Tele-Health is a powerful tool in ensuring equitable healthcare delivery.
Tele-health leads to equitable healthcare access.
Telehealth, teletherapy, and other forms of virtual care delivery saw a significant increase in usage during the COVID-19 pandemic as patients turned to telehealth to maintain social distancing while still accessing care. Though the concept of telehealth is not new, the in-person restrictions placed on patients and providers during the pandemic, coupled with the federal government’s relaxing of telehealth rules as part of its COVID-19 public health emergency declaration, made virtual care an appealing option. Especially in the early stages of the pandemic, providers shifted to telehealth services to expand access to care, limit disease exposure for staff and patients, and reduce the patient demand on facilities.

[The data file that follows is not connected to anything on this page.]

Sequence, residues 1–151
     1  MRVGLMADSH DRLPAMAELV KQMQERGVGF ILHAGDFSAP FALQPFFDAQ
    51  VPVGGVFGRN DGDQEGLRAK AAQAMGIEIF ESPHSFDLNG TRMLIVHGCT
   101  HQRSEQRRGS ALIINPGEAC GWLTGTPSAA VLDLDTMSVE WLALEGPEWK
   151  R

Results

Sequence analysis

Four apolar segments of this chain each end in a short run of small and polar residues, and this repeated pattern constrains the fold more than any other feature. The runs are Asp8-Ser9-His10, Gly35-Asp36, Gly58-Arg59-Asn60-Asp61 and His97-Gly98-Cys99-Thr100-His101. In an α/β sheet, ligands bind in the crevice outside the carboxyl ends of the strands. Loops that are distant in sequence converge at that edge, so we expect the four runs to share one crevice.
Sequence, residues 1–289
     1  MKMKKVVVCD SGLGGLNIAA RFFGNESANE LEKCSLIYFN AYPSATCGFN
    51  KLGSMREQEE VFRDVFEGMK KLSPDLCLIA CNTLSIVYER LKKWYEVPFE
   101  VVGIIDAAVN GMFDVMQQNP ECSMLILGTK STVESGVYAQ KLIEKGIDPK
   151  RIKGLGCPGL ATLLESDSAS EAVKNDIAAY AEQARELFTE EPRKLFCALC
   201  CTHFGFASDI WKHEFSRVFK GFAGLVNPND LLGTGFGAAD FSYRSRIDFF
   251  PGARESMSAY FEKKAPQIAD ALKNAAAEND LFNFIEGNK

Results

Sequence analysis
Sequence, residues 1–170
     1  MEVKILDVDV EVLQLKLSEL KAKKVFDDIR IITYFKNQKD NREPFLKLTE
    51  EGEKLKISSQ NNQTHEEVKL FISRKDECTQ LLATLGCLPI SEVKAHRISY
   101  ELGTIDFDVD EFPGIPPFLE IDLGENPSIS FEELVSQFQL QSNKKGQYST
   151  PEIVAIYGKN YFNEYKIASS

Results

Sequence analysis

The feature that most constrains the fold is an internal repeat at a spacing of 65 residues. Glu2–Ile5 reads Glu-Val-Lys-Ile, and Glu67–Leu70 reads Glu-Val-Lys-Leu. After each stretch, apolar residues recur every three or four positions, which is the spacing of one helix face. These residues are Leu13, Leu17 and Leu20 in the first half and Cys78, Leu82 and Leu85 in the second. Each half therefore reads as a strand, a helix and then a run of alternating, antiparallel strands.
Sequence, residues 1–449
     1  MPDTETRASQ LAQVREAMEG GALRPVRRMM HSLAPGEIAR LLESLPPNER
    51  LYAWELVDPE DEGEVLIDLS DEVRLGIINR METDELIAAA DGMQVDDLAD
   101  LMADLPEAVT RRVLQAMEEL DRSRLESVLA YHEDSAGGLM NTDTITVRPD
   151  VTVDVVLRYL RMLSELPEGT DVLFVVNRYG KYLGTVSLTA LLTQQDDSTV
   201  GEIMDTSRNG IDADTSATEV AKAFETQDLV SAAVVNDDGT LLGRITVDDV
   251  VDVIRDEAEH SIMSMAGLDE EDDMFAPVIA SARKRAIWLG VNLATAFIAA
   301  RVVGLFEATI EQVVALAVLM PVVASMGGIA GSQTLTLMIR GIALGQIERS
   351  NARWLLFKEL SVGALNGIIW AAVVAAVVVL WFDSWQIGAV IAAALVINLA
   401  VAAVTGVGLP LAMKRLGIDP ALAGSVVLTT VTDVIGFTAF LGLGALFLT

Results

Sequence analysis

Today, telehealth and other forms of virtual visits are increasingly seen as an integral part of healthcare infrastructure, with ongoing implications for both direct-to-patient care and broader community-level preparedness efforts. Telehealth is a powerful tool to help lead us to a more equitable healthcare distribution system, allowing at-risk and vulnerable populations more opportunities to receive healthcare. The rapid adoption of and growing comfort with telehealth that was catalyzed in part by the pandemic now means that telehealth services can be more easily incorporated into disaster planning and post-crisis response strategies.